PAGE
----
Wednesday, February 13, 2013

A Contest From Ranger!

Ranger Color Palette Inspiration 

Time to enter a contest.  Range is sponsoring a February Color Palette Inspiration & Contest for a great giveaway of the colors they have chosen.  To enter, you must create something using colors from the chosen palette.  Not all the colors have to be used, so I chose ones that work with this Valentine card.  The stamped image is from Tim Holtz's new Blueprint Mini stamp collection.  It is colored in and then enhanced with Ranger's Stickles Glitter Glue.  The background uses one of Tim's embossing folders with the harlequin pattern and Co'ordination cardstock sanded to emphasize the pattern.  Then Ranger Distress inks in Festive Berries and Black Soot are applied with Tim's foam application tool.  The sentiment is done with a label maker and glitter heart accents are from EKSuccess.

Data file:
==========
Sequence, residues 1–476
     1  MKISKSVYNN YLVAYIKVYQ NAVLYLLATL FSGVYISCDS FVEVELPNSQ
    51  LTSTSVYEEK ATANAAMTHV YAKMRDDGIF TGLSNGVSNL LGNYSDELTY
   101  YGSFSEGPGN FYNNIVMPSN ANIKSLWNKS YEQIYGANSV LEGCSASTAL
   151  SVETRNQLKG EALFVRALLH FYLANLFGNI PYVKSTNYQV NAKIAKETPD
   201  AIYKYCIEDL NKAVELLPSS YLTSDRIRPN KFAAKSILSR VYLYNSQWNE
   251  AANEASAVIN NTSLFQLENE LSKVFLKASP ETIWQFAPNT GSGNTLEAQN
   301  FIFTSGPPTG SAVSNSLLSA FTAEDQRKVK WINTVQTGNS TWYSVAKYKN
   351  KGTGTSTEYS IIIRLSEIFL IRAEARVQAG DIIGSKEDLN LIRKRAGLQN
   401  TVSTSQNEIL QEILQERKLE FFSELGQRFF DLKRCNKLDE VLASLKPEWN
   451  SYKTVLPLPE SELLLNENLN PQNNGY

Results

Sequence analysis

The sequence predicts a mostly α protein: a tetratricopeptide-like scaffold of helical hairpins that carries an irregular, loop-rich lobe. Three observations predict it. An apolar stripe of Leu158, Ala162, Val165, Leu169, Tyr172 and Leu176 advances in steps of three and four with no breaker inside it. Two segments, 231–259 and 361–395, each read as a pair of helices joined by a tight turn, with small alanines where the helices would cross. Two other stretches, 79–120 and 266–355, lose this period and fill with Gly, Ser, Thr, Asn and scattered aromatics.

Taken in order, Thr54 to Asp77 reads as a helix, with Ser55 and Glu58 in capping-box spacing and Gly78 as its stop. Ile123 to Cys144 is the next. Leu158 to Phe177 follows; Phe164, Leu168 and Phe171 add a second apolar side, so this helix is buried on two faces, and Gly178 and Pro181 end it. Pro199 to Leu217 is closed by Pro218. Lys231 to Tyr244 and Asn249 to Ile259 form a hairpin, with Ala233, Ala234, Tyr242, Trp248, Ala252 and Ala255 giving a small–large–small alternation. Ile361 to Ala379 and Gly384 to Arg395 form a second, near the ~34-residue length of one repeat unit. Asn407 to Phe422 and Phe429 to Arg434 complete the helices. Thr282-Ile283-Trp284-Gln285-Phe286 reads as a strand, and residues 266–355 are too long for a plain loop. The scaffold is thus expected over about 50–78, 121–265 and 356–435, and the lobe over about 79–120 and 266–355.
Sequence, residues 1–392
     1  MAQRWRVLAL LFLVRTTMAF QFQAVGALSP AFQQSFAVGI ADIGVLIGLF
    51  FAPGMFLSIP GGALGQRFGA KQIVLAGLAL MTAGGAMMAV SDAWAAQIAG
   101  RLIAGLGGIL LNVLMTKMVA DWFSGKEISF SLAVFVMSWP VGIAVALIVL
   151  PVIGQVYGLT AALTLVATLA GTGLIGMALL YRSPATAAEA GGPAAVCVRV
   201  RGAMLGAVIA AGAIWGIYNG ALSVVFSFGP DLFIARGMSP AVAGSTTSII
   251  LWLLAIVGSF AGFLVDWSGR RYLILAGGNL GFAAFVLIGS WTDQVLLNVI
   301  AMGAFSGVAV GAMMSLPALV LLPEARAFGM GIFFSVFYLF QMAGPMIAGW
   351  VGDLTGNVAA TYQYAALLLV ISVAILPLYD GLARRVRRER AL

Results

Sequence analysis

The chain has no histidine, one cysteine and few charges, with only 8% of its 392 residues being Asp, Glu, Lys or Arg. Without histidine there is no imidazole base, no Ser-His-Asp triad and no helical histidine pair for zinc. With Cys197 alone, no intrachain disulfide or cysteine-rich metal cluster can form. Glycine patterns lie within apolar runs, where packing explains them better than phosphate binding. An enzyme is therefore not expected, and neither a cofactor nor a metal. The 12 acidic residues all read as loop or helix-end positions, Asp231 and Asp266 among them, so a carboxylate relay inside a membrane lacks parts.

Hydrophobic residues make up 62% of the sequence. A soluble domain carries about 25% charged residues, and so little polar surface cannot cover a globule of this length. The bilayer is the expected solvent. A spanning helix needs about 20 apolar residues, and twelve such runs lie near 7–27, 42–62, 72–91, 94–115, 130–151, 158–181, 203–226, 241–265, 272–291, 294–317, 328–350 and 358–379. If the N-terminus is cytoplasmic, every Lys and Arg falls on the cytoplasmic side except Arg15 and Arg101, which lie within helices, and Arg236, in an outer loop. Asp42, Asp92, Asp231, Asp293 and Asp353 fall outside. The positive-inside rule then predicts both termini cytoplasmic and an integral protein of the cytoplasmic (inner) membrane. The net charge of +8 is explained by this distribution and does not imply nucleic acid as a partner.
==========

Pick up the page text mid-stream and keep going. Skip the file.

Sunday, February 10, 2013

Winter Cards for Snowy Weather!